Barbara Duck and Hershel Julian each said “I do” 55 years ago on Saturday at an altar near the Roan Mountain High Bluff.
Weddings were a traditional part of the Rhododendron Festival for a number of years, but the Julians were the last couple to have a wedding in conjunction with the event.
One memory that stuck to Barbara Julian about her wedding day was the drastic temperature atop the Roan.
“It was so cold, my lips were blue,” said Julian, who was born in Rutledge, Tennessee. “There were no flowers in bloom that year until July I believe. It was as cold as could be.”
Barbara said because the marriage was technically in North Carolina, when the ceremony ended the pair traveled straight to a Methodist church in Tennessee and made their marriage official.
“The knot was tied very tightly,” she said with a laugh. “We got married on the Roan, then we came down off the mountain and we got married again in the church and had the reception there.
“But it was a joyous affair with a lot of people and most of them just sat on the ground (during the festival). They didn’t have chairs. The hillside was completely covered with people.”
Barbara recalled feeling anxious but also thrilled as she donned her locally made dress inside a tent on the Roan.
“I had on the wedding dress and all that stuff so I was in a tent. I wasn’t out amongst all the people, but it was really exciting.” Julian said.
Nearly a thousand people watched as the Rev. Carroll Sisk presided over the 2:30 p.m. wedding on the final day of the 15th Rhododendron Festival.
Hershel’s brother and best man, Don Julian, recalls cars lining the road for the festival.
“There would be cars parked from the gap (Carver’s Gap), all the way to the top,” Don Julian said. “The whole mountain was covered with people.”
Special guest Sonya Wilde, a Tennessee-born actor featured in episodes of “Gunslinger” and “Bonanza,” was in attendance for the Julians’ wedding.
Barbara recalls getting Wilde to autograph the front of her Rhododendron Festival program.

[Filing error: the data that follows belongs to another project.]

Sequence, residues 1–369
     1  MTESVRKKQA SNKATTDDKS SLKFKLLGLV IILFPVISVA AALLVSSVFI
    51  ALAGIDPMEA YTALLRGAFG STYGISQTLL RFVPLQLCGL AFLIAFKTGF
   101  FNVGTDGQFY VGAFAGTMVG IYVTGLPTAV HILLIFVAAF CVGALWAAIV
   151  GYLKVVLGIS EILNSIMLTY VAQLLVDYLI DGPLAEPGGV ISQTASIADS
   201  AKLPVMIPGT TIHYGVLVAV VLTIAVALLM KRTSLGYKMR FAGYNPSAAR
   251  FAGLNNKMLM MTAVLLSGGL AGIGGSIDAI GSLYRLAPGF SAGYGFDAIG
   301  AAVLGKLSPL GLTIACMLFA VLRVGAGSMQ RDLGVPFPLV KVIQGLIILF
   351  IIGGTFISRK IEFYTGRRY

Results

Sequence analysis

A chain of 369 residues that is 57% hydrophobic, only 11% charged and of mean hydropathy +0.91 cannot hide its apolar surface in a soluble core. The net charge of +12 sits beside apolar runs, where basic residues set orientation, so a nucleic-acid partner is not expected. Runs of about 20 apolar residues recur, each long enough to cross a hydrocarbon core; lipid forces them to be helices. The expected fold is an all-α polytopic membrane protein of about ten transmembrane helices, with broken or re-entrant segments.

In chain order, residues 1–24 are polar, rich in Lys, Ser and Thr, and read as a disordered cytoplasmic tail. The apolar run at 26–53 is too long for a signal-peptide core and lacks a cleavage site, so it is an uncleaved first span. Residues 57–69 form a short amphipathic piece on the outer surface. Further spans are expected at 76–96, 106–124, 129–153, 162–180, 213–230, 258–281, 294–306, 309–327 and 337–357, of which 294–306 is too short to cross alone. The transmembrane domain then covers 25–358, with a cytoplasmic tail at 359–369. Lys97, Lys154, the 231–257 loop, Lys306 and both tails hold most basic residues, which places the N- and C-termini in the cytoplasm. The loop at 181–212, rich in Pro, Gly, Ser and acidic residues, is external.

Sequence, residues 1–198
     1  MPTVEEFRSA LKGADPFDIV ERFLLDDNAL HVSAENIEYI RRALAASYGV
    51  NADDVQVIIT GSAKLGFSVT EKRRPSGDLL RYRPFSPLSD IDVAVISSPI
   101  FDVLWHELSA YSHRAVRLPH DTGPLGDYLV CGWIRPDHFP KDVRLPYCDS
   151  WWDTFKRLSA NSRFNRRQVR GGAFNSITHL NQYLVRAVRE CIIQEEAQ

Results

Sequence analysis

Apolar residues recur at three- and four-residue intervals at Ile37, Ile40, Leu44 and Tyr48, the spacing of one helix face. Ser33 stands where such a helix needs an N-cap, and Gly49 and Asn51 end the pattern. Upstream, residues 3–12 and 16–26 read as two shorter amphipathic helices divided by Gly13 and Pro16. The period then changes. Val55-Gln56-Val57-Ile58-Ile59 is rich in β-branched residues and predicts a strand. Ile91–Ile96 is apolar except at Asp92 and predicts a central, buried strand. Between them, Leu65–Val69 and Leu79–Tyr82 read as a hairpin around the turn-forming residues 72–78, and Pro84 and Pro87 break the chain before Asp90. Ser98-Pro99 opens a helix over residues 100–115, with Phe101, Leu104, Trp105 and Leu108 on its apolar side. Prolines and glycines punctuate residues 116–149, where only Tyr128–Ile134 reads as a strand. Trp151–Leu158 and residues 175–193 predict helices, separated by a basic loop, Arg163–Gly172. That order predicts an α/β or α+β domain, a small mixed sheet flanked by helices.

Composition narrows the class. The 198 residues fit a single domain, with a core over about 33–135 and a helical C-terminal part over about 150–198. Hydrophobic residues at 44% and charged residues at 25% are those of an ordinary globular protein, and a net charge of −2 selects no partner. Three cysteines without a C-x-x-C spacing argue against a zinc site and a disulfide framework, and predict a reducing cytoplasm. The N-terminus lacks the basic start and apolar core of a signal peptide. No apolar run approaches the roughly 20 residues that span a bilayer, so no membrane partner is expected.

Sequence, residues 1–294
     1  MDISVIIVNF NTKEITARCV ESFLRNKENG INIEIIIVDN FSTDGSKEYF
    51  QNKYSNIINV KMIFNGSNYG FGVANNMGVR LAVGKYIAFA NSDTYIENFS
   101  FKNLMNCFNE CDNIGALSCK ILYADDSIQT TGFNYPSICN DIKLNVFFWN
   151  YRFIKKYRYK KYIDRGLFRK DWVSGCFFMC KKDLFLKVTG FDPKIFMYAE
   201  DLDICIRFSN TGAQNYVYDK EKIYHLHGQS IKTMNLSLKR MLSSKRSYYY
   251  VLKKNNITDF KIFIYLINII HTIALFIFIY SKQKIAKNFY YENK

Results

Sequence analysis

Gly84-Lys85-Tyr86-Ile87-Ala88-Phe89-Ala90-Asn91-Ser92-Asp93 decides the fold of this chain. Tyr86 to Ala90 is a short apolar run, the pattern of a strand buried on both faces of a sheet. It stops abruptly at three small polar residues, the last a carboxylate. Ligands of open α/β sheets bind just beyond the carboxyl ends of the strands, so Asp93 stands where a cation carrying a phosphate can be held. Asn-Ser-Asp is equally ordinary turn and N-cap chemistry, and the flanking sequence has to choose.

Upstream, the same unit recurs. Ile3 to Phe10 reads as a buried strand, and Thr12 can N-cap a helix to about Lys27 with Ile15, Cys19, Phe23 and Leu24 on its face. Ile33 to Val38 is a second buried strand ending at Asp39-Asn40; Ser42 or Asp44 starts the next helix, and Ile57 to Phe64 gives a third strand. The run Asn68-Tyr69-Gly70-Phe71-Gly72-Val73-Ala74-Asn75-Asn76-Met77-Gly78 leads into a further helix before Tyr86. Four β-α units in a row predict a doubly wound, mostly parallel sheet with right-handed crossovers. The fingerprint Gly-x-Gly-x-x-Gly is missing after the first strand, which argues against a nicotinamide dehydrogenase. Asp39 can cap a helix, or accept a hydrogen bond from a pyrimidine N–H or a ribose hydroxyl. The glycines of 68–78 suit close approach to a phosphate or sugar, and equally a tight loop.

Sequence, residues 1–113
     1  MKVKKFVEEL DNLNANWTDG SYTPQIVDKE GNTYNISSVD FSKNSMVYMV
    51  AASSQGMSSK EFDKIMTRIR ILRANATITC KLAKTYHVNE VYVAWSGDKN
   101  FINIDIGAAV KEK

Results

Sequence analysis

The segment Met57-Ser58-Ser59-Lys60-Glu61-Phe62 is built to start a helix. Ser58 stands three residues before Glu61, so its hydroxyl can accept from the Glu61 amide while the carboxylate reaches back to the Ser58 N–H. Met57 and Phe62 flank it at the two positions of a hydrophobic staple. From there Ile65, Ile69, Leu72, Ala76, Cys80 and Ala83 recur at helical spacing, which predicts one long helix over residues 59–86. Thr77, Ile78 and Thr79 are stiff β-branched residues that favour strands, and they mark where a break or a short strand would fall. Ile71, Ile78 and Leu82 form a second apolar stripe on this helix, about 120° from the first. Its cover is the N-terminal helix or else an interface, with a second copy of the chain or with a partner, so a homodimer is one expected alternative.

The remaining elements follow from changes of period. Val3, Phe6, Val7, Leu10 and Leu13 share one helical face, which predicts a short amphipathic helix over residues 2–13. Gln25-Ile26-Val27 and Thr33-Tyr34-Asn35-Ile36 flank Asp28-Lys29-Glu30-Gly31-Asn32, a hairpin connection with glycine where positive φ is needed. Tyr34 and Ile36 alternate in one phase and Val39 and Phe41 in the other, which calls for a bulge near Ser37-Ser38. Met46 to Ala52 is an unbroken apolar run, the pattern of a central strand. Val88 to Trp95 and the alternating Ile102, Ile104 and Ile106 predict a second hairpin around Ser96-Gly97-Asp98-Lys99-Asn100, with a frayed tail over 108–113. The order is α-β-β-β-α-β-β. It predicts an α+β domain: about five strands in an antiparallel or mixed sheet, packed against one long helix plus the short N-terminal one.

The Rhododendron Festivals during the ’50s and ’60s usually featured at least one distinguished guest.
Jo Buchanan, president of the Citizens Club and organizer of the festival, said a governor from either Tennessee or North Carolina would typically visit the festival.
Vice President Richard Nixon visited in 1958.
“I can remember Nixon saying in his speech that he was going to make a little White House up there (on the Roan),” said Don Julian, who remembers attending that 1958 festival.
Local businessmen, who formed the Citizens Club, invited U.S. Sen. Tom Stewart to the first festival and lobbied him to build a road to the top of the mountain as well as fund road improvements throughout Carter County.
Buchanan said the first Rhododendron Festival’ had the theme “What We Need — Good Roads in Carter County — We Do Not Have Them.”
At the time, the Roan could only be accessed by a single-lane dirt road called the “Hack Line.” Travel to the top was allowed only during morning hours and travel down the mountain was permitted in the evening hours due to the narrowness of the road.
In 1949, Gov. Gordon Browning reportedly promised a new road to the top of the Roan and three years later one was built, Buchanan said.
After the road’s construction, the festival’s attendance ballooned and a wedding was added to the celebration’s schedule, which began with a man from North Carolina and a woman from Tennessee getting married.
The festival wedding tradition continued until the Julians’ wedding in 1961, when it was discontinued for unknown reasons, Buchanan said.
The U.S. Forest Service eventually put a stop to the festival being on top of the Roan and moved it to the state park in 1979, where it is now held.
Entertainment for this year’s Rhododendron Festival will begin at 9 a.m. Saturday and lasts until late Sunday.
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